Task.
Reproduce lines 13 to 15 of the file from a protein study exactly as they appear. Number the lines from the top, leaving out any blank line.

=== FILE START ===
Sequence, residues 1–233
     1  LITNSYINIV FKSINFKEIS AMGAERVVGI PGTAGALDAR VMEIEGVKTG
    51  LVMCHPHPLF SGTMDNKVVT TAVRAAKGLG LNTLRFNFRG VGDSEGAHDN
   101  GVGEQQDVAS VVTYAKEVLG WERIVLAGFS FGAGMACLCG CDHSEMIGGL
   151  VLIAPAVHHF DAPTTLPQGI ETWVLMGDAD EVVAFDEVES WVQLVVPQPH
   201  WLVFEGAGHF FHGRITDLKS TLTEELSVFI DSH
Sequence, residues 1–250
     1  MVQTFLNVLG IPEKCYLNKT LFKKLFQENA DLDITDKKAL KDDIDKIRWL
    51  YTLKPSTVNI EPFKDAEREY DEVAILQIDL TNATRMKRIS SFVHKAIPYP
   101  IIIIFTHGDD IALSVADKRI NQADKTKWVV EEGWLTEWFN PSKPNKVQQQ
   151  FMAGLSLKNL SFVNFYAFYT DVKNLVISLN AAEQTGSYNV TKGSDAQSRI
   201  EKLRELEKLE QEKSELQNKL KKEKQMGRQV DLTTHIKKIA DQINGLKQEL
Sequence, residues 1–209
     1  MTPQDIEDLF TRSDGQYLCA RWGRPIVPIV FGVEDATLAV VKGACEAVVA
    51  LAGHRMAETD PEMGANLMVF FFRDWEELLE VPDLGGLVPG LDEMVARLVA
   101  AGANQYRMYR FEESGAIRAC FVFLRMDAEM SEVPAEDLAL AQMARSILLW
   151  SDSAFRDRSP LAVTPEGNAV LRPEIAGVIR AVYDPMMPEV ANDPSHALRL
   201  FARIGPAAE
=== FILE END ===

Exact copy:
Sequence, residues 1–209
     1  MTPQDIEDLF TRSDGQYLCA RWGRPIVPIV FGVEDATLAV VKGACEAVVA
    51  LAGHRMAETD PEMGANLMVF FFRDWEELLE VPDLGGLVPG LDEMVARLVA